Chatting with so many moms of 3 year olds I realize a lot of moms have concerns about their child’s speech. They say “I can understand her but I know that she doesn’t say everything clearly.” Well, I speak VERY little Spanish but I can tell you, I know I don’t articulate the sounds correctly. There are so many sounds that I say incorrectly and inarticulately, but if I had someone consistently working with me, one sound at a time, for a period of time, I would eventually get to a point where you would think that I was raised in Mexico.
I am NOT a speech expert by any means, but I will tell you that I have seen what skilled speech therapists can do to help a child’s verbal communication grow to a place of confidence, and that is something worth fighting for when you have seen children so frustrated that they can’t be understood.
Not only is speech therapy beneficial for children who might have trouble with deficiencies in their speech, speech therapy is GREAT for ALL young children to develop clear, articulate oral language. And on top of that, the way that speech therapists work with children by “studying” letters is a great way to STUDY letters in line with nurturing brain development like we talked about yesterday.
Okay, okay, I know what you are thinking: are you telling me that I need to go hire a speech therapist?
Not necessarily, FIRST you should READ about one and learn a thing or two from an expert:
Here is her archive I think is the best place for moms to start!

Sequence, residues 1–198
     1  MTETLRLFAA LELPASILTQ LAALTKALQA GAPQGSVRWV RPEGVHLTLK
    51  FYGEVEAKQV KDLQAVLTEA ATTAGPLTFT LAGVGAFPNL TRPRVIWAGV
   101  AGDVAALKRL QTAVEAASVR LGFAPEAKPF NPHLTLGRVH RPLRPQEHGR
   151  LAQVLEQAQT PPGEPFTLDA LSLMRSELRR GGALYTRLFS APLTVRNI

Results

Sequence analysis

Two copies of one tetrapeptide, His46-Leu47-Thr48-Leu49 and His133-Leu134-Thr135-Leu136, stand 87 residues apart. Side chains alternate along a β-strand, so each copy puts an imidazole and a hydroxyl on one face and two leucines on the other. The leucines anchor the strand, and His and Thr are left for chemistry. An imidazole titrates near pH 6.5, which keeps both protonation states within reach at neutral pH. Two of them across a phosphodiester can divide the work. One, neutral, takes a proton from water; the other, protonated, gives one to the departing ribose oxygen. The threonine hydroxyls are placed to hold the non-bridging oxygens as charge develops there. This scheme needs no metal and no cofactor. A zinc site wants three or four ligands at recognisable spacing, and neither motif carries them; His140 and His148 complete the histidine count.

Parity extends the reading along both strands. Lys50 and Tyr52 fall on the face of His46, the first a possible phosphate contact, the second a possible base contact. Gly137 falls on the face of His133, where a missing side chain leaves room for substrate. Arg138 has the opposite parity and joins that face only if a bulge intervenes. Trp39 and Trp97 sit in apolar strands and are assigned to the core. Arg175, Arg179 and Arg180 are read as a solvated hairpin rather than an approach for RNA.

For a glimpse into this site, start by reading this post:
It was the first one that I read and it hooked me all the way!
In this post, Mommy Speech talks about using a lollipop to elicit the “l” sound. I have a feeling your little one wont complain about this activity.
Heather Burbrink Photography captured this sweet picture and I had to share!
So, Today’s activity is to choose one of Mommy Speech Therapy’s “Improving Articulation” letter-sound lessons with your child just to see what fun it can be to focus on one letter-sound at a time in an age-appropriate way. This is such a good pre-reading and pre-writing experience.
Start listening carefully to your child’s speech and try to observe if they are omitting any sounds and where in the word the omission occurs (beginning, middle, or end). For example, I was recently working with a three year old that had a hard time saying the “L” sound, another who was having trouble saying the “P” sound (but only as the end of words), and many kids that have trouble with the “S” and “R” sounds. Mommy Speech has activities for all of these sounds 🙂